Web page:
The Science of Sleep
2006Director: Michel Gondry
Cast: Gael Garcia Bernal, Charlotte Gainsbourg
he Science of Sleep should’ve been titled Waiting for Kaufman, mainly because, while watching this film, one is struck with one unmistakable thought: When is Charlie Kaufman going to come in and save this gorgeous but unsatisfying film from itself. Unfortunately, like Guffman, Kaufman is a no-show.
It’s this lack of Kaufman that makes Michel Gondry’s latest such a frustrating experience. Because we all know that somewhere out there Charlie Kaufman is living and breathing, probably holed up in a fortified compound in the Hollywood Hills, alternately hating and loving humanity and effortlessly oozing brilliance. And Gondry isn’t there to direct his savage and twisted visions. Which is a true shame, because Gondry and Kaufman, the team that produced Human Nature and the finest movie of the past several years, Eternal Sunshine for the Spotless Mind, need to be working with each other. In fact, if I were President of the United States, that might be my first decision: Forcing Gondry and Kaufman to sit down in a room together somewhere and explain to one another exactly how much they need each other.
As one might expect, the central dilemma with The Science of Sleep is its script. Where Kaufman’s genius lies in his ability to contain his high-concept, labyrinth-like plots inside a framework of tightly controlled narrative structure, Gondry, who wrote Sleep’s screenplay, does not possess this rare talent. This is a major part of why The Science of Sleep feels like Eternal Sunshine-lite, a noble idea beautifully shot, bursting with vivid Technicolor brilliance, while ultimately falling flat.
In describing the plot, the word “mind-fuck” is the first adjective that springs to mind. A convoluted and tangled mess of ideas, Gondry weaves through the courtship of a man named Stephane (Gael Garcia Bernal) and his attempted romance with a woman named Stephanie (Charlotte Gainsbourg). While trying to court Stephanie, Stephane is also forced to cope with the difficulties in moving to a new city (he has just moved to Paris), a boring and stultifying job, and a very strange living situation. Through it all, Gondry tries to make points about the concept of memory and the serpentine ways in which it weaves through each person’s consciousness.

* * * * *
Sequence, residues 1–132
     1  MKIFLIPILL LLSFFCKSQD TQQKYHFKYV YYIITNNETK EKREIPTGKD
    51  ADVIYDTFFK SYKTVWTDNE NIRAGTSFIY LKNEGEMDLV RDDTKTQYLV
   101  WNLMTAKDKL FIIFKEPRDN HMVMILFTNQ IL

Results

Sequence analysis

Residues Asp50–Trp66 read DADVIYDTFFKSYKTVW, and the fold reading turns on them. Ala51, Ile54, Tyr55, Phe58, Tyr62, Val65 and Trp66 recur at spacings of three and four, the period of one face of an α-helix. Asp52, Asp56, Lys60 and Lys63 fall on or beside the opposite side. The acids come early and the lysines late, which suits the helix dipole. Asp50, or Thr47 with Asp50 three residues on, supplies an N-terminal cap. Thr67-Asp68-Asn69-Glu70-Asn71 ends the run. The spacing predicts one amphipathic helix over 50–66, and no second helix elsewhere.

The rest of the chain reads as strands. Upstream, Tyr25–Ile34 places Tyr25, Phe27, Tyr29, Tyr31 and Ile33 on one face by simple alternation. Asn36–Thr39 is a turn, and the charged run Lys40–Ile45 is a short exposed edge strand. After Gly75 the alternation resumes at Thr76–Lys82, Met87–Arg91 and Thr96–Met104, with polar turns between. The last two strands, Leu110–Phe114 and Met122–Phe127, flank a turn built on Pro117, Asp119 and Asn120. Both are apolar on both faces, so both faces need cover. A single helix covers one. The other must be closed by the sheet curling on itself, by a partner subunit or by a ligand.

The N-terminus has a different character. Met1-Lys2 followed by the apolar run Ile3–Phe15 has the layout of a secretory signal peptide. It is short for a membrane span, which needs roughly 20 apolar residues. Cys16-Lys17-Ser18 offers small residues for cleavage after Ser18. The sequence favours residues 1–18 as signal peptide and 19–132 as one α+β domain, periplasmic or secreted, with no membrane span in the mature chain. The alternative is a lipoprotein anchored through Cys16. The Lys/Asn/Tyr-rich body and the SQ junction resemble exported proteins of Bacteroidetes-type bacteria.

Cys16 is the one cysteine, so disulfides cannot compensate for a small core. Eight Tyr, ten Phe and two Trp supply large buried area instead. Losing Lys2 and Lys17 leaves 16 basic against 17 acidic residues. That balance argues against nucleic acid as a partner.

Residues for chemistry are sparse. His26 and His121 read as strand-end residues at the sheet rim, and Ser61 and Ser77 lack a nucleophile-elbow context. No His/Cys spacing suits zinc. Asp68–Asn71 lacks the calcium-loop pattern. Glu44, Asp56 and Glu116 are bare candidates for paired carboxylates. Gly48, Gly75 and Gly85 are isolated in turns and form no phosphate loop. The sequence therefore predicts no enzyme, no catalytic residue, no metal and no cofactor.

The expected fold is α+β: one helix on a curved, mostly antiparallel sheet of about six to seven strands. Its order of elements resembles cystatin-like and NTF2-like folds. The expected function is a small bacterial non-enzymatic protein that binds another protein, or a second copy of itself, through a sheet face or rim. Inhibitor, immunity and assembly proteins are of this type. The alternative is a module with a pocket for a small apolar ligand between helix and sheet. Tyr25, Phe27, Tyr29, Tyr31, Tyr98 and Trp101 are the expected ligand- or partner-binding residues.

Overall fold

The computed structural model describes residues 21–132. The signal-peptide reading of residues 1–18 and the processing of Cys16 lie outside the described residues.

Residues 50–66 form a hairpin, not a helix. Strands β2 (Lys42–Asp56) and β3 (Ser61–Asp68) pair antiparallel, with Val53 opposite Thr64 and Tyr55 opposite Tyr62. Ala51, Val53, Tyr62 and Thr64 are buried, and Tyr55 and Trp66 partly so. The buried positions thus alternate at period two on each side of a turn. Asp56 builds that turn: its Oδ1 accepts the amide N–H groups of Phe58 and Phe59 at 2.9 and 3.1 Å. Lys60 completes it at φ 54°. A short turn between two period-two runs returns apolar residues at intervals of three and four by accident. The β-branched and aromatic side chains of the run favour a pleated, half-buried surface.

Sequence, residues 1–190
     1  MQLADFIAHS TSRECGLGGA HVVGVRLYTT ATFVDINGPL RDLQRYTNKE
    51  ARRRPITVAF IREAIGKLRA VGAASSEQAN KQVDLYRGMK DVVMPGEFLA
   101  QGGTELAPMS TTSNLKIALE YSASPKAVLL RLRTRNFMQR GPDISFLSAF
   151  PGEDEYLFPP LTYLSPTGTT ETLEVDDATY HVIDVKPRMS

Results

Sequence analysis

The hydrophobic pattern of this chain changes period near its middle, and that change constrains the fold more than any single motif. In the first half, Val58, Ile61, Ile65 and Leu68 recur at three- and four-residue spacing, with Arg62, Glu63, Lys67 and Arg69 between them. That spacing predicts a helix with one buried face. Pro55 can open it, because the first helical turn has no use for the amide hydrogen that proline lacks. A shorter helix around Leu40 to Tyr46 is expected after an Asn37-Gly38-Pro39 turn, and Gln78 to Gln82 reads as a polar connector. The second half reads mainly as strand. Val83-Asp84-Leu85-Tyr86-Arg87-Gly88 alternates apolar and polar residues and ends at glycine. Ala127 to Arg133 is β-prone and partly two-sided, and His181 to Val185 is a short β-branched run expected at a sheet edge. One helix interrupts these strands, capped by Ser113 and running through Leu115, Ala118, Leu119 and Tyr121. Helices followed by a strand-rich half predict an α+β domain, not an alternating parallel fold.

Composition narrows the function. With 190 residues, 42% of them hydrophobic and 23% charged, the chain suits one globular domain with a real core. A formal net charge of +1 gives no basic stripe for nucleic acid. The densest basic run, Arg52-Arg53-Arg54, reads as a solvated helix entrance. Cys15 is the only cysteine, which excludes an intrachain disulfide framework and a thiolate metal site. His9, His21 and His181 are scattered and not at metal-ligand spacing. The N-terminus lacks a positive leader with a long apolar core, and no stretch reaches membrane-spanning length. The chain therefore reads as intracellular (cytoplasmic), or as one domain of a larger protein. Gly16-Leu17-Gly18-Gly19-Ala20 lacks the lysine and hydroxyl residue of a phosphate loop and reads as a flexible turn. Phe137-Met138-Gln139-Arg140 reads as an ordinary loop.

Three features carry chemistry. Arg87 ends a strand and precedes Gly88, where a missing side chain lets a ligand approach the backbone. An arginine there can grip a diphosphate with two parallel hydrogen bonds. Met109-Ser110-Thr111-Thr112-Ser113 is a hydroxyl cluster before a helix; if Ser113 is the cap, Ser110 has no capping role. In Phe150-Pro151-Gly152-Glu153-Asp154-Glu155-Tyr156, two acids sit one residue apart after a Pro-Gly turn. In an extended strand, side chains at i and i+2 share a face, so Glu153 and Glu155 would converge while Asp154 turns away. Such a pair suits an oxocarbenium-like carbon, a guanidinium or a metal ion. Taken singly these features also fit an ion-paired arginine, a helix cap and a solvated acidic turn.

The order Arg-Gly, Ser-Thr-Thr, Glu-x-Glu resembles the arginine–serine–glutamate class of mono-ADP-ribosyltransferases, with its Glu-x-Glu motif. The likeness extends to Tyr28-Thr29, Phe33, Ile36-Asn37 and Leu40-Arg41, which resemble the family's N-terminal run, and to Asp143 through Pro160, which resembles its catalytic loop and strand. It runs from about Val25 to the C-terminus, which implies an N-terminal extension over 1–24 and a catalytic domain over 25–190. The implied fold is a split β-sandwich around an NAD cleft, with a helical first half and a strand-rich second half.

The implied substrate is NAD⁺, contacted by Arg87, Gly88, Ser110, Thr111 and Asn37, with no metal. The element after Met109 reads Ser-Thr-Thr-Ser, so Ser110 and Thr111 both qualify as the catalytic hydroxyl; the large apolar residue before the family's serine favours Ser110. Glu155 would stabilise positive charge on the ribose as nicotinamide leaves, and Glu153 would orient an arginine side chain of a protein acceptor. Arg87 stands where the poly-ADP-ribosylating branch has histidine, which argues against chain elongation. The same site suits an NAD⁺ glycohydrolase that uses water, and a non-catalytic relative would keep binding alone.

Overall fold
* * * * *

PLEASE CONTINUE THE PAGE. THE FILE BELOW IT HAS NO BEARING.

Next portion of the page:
If this sounds similar to the plot of Eternal Sunshine, that’s because it is—except with the earlier film, Gondry was able to utilize Kaufman’s ability to create nuanced and heart-breaking characters while keeping things coherent. The Science of Sleep instead seems unfocused and rambling, prone to bouts of self-indulgence. One never gets a true sense of its protagonists, nor does one ever know what drives them. In fact, you never really know why you should even bother caring about them anyway. Gondry strives to imbue his film with deep and thoughtful themes, yet he doesn’t quite possess the ability to embody these concepts in flesh and blood human beings. On top of it all, the plot is burdened by its terrific opacity and unnecessary desire to be confusing. And one gets the sense that this is how Gondry wanted it.
In writing, the easiest thing to do is be purposely obtuse. It’s much harder to craft something provocative, nuanced, and complex, while simultaneously keeping viewers engaged and cognizant of the plot. Eternal Sunshine may not have been the most straight-forward movie, but one never lost sight of what was going on, despite the innumerable twists and turns. Here, one is never sure exactly what’s going on and, while that’s an interesting concept to ponder, one gets the sense that this would’ve been a much better short film than feature.
That said, only one element in particular makes The Science of Sleep worth watching: the visual genius of Michel Gondry, the man who rocketed to fame on the strength of his stunning video work for artists like Bjork and the White Stripes. Gondry creates a unique world, filled with captivating shots, Harryhausen-esque claymation, and a generally dazzling kaleidoscopic array of images. But ultimately, judging from Sleep, Gondry’s expertise seems to be behind the camera, not holed up in some Hollywood hills manse writing draft after draft after draft. That’s where Kaufman comes in. I don’t know what it’s going to take to get this band back together: phone calls, e-mails, maybe even group therapy like Metallica in that documentary. Either way, it needs to happen. Soon.
The Science of Sleep is playing in limited release.